April 18, 2008

Kurdistan oil: small intreresting item

Zagros left off Iraq list

Calgary firm unable to bid on energy projects

Shaun Polczer, Calgary Herald

Published: Thursday, April 17, 2008

A small Calgary company exploring for oil in Kurdistan is in limbo after it was left off a list of eligible companies to work in Iraq.

Tiny Western Zagros Ltd. was omitted from a group of 35 oil and gas companies invited to bid on projects tendered by the Iraqi oil ministry.

Simon Hatfield, Western's president and CEO, said he was disappointed his firm didn't make the list, but vowed to press on with an exploration well later this month in the northern part of the country.

Simon Hatfield, president and CEO of Western Zagros, says he's eager to do work in Iraq.

"Size seems to matter," he said of the list, which includes a cross section of the largest majors, independents and national oil companies in the world.

"It's not surprising to me that it's large companies that come out on the top of that list. Our hope is over time they (Iraqi officials) realize the value small to medium-sized companies like ours can bring."

Western Zagros was spun out of Western Oil Sands Inc. when it was bought by Marathon Corp. last year.

The company gained its Iraq concession about two years ago when it negotiated a contract with the Kurdistan autonomous authority.

Iraqi officials have said in the past they won't honour deals outside the central government, but Hatfield said there has been no indication that existing agreements will be revoked.

The Kurdish Globe, the region's only English newspaper, reported that Kurdish Prime Minister Nechirvan Barzani is in Baghdad to discuss the status of the contracts, which have been negotiated with 20 foreign firms.

The talks were reported to be "good and positive," according to the newspaper's website.

Hatfield said the Kurdish government has obtained a legal opinion in a British court that the deals are legal agreements, and expressed hope the dispute will be resolved before the end of the year.

"We did not enter into it lightly,"
he said.
"A lot of statements out of Baghdad are highly political. Some of the rhetoric surprises us sometimes."

About 120 companies applied for pre-bid screening. Nexen Inc. was the only Canadian producer to make the cut, although the Iraqi ministry said more companies could qualify in later licensing rounds.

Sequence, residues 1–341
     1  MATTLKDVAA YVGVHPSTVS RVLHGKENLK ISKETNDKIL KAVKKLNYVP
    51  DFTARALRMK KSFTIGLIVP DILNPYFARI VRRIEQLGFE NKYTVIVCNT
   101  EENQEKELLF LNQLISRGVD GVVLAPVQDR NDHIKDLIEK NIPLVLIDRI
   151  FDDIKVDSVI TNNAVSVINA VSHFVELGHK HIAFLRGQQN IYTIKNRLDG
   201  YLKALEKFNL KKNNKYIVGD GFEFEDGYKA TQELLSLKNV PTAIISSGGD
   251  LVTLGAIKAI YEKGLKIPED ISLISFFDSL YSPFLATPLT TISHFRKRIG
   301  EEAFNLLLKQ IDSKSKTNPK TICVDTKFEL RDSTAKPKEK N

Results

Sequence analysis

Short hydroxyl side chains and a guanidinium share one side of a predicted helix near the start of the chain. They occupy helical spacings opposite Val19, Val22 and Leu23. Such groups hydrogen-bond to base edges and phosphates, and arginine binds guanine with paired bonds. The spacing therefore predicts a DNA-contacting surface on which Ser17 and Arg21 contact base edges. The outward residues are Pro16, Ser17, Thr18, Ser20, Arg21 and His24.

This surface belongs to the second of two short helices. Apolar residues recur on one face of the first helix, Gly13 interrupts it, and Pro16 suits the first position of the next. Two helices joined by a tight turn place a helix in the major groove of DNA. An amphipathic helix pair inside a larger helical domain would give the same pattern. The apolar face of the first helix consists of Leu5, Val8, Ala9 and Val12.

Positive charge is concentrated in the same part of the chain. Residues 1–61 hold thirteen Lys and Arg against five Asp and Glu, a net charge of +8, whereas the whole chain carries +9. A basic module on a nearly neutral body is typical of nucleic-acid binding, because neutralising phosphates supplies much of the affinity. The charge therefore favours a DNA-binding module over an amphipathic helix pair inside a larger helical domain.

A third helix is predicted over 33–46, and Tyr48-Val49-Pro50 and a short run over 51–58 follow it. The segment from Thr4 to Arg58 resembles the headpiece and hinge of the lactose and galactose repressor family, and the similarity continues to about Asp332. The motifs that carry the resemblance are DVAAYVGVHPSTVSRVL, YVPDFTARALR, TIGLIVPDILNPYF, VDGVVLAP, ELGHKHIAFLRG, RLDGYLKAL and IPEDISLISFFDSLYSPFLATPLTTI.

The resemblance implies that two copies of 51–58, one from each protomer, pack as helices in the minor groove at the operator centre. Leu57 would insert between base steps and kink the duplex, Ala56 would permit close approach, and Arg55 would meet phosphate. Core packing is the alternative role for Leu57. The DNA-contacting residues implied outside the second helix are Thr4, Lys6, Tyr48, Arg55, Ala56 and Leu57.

Michael Harris, Nexen's vice-president of investor relations, said the company has no immediate plans to invest in Iraq. Rather, the pre-bid qualification allows it to "take a peek" at opportunities as they arise.

Harris speculated that Nexen was chosen for international experience in countries such as Yemen, where it maintains a sizable presence.

"It's a natural extension of our strategy to grow in the area," he said.

Steve Calderwood, who covers Nexen for Raymond James in Calgary, said Nexen's selection speaks to its experience and contacts in the international arena.

"If you had any dealings with the Kurdish regional authority, you didn't show up on this list. You have to have patience and deal with the right people."

Vincent Lauerman, who heads Calgary-based Geopolitics Central, said Iraq remains "extremely dangerous" even compared with Yemen, which has also experienced civil war and terrorism. Last week, Nexen evacuated dependents from the country following a pair of rocket attacks linked to al-Qaeda.

Despite progress by the U.S. military, Lauerman said it could be years before security has improved enough in Iraq for western oil majors to begin rebuilding the oil industry.

"It's going to take a long time with the American occupation if we're going to see Iraq as we know it. If the Americans were to pull out relatively quickly there's a chance you'd see the disintegration of the Iraqi state into three distinct pieces, maybe even more."

Nexen shares rose 59 cents in Toronto on Tuesday, to close at $33.99. Western Zagros added two cents to finish at $2.55.

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